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In climate-change debate, business interests and green activism often converge

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by BJÃRN LOMBORG

In May, the UN International Panel on Climate Change (IPCC) made media waves with a new report on renewable energy. As in the past, the IPCC first issued a short summary; only later would it reveal all of the data. So it was left up to the IPCC’s spin-doctors to present the take-home message for journalists. The first line of the IPCC’s press release declared, “Close to 80% of the world’s energy supply could be met by renewables by mid-century if backed by the right enabling public policies.”

That story was repeated by media organisations worldwide. Last month, the IPCC released the full report, together with the data behind this startlingly optimistic claim. Only then did it emerge that it was based solely on the most optimistic of 164 modelling scenarios that researchers investigated. The claim rested on the assumption of a large reduction in global energy use. Given the number of people climbing out of poverty in China and India, that is a deeply implausible scenario. When the IPCC first made the claim, global-warming activists and renewable-energy companies cheered.

This sort of behaviour – with activists and big energy companies uniting to applaud anything that suggests a need for increased subsidies to alternative energy – was famously captured by the so-called “bootleggers and Baptists” theory of politics. The theory grew out of the experience of the southern US, where many jurisdictions required stores to close on Sunday, thus preventing the sale of alcohol. The regulation was supported by religious groups for moral reasons, but also by bootleggers, because they had the market to themselves on Sundays. Politicians would adopt the Baptists’ pious rhetoric, while quietly taking campaign contributions from the criminals. Of course, today’s climate-change “bootleggers” are not engaged in any illegal behaviour. But the self-interest of energy companies, biofuel producers, insurance firms, lobbyists, and others in supporting “green” policies is a point that is often missed. Indeed, the “bootleggers and Baptists” theory helps to account for other developments in global warming policy over the past decade or so.

For example, the Kyoto Protocol would have cost trillions of dollars, but would have achieved a practically indiscernible difference in stemming the rise in global temperature. Yet activists claimed that there was a moral obligation to cut carbon-dioxide emissions, and were cheered on by businesses that stood to gain. During the ill-fated Copenhagen climate summit in December 2009, Denmark’s capital city was plastered with slick ads urging the delegates to make a strong deal – paid for by Vestas, the world’s largest windmill producer. Oil tycoon T Boone Pickens , a famous convert to environmentalism, drafted a “plan” to increase America’s reliance on renewables. Of course, he would also have been one of the major investors in the wind-power and natural-gas companies that would benefit from government subsidies. Traditional energy giants like BP and Shell have championed their “green” credentials, while standing to profit from selling oil or gas instead of environmentally “unfriendly” coal.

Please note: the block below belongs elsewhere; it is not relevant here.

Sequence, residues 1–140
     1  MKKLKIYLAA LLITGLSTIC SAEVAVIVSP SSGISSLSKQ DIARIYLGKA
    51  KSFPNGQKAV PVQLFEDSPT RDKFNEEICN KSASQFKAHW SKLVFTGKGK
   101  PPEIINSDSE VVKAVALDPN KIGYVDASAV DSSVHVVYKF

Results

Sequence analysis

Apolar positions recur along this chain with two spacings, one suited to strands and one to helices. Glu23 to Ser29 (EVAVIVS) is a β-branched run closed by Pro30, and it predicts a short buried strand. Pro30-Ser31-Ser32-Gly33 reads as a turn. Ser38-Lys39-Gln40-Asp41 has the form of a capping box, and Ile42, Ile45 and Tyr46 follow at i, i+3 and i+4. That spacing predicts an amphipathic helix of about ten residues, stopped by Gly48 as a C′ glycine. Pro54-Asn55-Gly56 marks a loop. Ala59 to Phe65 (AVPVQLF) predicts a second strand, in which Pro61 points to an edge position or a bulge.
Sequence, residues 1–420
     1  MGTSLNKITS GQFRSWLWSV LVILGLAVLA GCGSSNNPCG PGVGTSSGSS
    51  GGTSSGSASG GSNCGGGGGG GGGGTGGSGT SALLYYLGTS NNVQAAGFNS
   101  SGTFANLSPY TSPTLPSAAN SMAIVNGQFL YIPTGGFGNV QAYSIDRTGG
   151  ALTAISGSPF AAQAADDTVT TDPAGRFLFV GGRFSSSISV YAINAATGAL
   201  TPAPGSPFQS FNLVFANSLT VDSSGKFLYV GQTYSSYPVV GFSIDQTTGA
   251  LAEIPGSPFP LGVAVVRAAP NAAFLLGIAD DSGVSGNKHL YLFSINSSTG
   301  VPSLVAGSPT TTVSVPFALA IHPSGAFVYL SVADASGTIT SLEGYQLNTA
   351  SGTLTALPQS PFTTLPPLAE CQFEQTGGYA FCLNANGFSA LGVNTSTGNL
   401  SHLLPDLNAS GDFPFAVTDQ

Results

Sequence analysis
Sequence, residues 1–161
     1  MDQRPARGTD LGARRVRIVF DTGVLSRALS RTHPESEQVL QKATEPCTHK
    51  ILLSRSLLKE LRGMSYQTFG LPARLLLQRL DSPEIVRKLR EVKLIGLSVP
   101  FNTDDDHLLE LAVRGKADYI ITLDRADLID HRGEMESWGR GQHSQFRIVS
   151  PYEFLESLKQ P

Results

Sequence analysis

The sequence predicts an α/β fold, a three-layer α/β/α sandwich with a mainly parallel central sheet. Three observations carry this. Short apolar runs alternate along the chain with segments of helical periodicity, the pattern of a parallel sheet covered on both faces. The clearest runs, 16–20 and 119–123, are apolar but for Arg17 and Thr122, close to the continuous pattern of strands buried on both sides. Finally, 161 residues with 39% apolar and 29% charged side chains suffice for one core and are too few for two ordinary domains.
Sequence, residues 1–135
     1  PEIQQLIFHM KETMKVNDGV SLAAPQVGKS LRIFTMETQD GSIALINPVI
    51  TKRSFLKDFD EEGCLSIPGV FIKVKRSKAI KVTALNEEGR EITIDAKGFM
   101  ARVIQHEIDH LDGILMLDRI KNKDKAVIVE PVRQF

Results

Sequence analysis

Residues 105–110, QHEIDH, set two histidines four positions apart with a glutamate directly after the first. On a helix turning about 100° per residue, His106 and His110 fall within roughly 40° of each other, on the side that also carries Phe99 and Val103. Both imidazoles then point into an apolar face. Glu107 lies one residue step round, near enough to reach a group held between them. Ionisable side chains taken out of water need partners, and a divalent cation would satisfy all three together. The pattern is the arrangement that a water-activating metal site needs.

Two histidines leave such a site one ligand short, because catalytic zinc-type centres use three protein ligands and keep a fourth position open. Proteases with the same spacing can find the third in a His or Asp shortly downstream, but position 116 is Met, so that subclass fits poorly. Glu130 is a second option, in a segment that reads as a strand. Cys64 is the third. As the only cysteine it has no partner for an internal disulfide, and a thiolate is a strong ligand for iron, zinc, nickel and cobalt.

Even US electricity giant Duke Energy, a major coal consumer, won green kudos for promoting a US cap-and-trade scheme. But the firm ended up opposing the draft legislation to create such a scheme, because it did not provide sufficient free carbon-emission permits for coal companies. Dubious claims by faithful activists gave rise to the biofuels industry (with supporting lobbyists).

Biofuel production likely increases atmospheric carbon, owing to the massive deforestation that it requires, while crop diversion increases food prices and contributes to global hunger. While environmentalists have started to acknowledge this, the industry received a lot of activist support when it began – and neither agribusiness nor green-energy producers have any interest in changing course now. Obviously, private firms are motivated by self-interest, and that is not necessarily a bad thing. But, too often, we hear commentators suggest that when Greenpeace and Big Business agree on something, it must be a sensible option. Business support for expensive policies such as the Kyoto Protocol – which would have done very little for climate change – indicates otherwise.

The climate-change “Baptists” provide the moral cover that politicians can use to sell regulation, along with scary stories that the media can use to attract readers or viewers. Businesses see opportunities for taxpayer-funded subsidies, and to pass on inevitable cost growth to consumers.

Unfortunately, this convergence of interests can push us to focus on ineffective, expensive responses to climate change. Whenever opposite political forces attract, as activists and big business have in the case of global warming, there is a high risk that the public interest will be caught in the middle.

(The author is the head of the Copenhagen Consensus Center)

Written by schelluri

July 22, 2011 at 12:50 pm